Fainguelernt received bachelor’s and master’s degrees in electrical engineering from Technion–the Israel Institute of Technology in 1979 and 1983. He earned a master’s degree in business administration in 1995 from Tel Aviv University.
The Nevada System of Higher Education Research Affairs Council has appointed Member James Henson the project director for a national research program.
The U.S. Department of Defense Experimental Program to Stimulate Competitive Research is intended to increase defense-related research projects in states that historically have not received much funding from DOD agencies. As part of the program, the department will grant Nevada more than US $4 million for research projects. In his new role, Henson will help choose which projects to fund.
He is an associate chair of the electrical and biomedical engineering department at the University of Nevada in Reno. Since he joined the faculty in 1991, he has served as principal investigator on several federally funded projects, many of which have dealt with high-resolution military imaging radar simulation and analysis. He has also worked with the U.S. Department of Treasury on technology to detect counterfeit currency.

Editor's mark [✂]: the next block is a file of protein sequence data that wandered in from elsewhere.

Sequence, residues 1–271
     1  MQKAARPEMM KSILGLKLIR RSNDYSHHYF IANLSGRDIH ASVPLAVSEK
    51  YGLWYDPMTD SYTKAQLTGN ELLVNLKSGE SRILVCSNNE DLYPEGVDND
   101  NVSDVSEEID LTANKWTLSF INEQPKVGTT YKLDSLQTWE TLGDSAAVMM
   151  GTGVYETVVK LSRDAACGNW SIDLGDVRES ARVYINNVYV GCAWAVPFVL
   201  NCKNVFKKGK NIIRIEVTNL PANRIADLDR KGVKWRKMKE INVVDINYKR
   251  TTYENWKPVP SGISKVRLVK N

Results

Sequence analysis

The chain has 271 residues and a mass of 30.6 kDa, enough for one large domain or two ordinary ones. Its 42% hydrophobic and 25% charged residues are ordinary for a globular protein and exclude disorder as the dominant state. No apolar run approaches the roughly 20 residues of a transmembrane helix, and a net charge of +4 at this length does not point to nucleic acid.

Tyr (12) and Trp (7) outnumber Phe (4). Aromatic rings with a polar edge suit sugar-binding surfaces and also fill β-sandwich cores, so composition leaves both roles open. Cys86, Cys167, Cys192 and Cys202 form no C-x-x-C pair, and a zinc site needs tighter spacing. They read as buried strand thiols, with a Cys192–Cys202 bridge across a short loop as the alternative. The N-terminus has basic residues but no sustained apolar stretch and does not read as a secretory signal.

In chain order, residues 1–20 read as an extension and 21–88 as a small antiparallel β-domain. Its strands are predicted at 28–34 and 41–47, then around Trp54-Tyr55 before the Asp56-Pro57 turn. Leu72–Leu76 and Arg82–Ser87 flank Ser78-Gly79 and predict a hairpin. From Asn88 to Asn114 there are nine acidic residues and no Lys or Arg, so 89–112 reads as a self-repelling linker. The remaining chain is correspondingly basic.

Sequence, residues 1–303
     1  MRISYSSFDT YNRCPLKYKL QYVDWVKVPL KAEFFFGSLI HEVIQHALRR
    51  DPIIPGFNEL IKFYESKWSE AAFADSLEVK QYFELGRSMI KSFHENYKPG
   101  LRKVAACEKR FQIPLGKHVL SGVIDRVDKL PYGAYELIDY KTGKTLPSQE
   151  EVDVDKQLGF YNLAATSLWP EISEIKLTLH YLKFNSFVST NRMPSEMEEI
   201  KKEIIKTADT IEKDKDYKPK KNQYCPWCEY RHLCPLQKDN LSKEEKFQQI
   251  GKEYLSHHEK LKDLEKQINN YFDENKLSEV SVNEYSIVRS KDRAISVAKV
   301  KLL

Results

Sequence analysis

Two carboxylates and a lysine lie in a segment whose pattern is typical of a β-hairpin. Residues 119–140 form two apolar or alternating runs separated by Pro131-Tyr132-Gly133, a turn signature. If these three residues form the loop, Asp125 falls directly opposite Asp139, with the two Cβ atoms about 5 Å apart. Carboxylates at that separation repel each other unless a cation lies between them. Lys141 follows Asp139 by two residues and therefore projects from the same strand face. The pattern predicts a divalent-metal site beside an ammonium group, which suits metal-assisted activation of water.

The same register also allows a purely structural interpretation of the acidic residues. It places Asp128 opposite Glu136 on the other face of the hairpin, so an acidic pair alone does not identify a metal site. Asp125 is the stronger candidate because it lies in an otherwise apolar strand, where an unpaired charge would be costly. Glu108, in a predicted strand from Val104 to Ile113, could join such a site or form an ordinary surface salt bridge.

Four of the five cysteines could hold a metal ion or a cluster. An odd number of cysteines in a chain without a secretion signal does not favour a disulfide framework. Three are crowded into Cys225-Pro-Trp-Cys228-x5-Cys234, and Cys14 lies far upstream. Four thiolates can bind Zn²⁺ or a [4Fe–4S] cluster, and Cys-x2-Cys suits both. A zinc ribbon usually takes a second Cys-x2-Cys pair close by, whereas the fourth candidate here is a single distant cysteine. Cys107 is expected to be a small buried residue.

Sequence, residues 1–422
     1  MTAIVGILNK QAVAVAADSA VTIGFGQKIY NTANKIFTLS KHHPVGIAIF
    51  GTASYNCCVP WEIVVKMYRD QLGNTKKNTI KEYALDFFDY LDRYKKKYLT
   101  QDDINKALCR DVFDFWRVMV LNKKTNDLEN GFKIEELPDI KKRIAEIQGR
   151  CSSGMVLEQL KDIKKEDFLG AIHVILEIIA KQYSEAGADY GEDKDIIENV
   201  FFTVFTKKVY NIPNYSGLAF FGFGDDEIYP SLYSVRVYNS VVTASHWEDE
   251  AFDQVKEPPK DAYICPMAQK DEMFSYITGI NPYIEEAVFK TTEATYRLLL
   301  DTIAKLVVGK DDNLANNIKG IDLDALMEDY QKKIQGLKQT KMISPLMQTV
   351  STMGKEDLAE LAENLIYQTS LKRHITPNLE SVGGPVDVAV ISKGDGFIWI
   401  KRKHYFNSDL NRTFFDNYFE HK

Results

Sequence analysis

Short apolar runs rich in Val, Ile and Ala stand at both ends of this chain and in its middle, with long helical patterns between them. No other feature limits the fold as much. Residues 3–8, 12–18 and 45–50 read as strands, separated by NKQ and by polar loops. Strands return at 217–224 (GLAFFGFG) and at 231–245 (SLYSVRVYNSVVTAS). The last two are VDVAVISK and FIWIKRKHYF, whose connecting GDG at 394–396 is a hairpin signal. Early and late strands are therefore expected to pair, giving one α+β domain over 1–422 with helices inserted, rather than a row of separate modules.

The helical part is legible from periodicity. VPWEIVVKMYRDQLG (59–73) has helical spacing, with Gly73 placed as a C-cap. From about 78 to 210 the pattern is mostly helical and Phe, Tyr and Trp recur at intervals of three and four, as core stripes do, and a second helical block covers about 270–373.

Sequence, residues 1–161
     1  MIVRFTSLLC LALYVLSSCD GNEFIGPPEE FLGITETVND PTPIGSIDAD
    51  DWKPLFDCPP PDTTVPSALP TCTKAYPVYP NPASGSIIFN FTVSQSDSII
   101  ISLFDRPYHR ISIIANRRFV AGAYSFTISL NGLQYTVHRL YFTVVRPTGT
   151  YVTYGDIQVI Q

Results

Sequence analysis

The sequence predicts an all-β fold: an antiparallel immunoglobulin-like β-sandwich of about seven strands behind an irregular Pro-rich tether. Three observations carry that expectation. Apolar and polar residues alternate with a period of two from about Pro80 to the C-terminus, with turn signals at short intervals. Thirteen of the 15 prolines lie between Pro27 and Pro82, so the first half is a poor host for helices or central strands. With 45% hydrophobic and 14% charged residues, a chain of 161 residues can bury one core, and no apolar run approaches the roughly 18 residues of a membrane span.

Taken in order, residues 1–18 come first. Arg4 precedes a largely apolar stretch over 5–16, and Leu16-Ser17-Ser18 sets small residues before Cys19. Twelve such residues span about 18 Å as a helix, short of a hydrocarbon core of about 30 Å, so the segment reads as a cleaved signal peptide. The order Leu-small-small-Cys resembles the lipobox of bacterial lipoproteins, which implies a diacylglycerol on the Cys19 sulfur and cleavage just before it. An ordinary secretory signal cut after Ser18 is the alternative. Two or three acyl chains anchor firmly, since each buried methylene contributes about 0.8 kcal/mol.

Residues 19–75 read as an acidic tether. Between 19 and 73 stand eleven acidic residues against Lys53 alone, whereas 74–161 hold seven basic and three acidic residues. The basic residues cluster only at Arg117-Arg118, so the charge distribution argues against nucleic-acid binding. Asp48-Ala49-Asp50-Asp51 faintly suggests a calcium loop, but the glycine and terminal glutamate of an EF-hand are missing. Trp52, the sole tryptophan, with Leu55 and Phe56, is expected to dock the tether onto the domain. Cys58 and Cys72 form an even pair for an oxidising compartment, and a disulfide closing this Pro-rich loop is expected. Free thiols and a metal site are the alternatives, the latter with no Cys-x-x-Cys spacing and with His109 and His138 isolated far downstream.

Henson earned bachelor’s, master’s, and doctoral degrees in electrical engineering from the University of Arkansas, Fayetteville, in 1984, 1988, and 1991.
World Energy Solutions, an electronics manufacturer in St. Petersburg, Fla., that develops technology for lowering electrical, gas, and water usage, has appointed Member Thomas Livernois to its scientific advisory panel.
Livernois is a principal engineer in the electrical and semiconductors department at Exponent Inc., an engineering and scientific consulting firm in Menlo Park, Calif. He specializes in the analysis and design of electrical and electronic systems, including hybrid motor vehicle fuel systems.
He received a bachelor’s degree in electrical engineering in 1984 from Michigan Technological University, Houghton. Livernois earned a master’s degree from Michigan State University, East Lansing, and a Ph.D. from the University of Michigan, Ann Arbor—both in electrical engineering—in 1986 and 1991.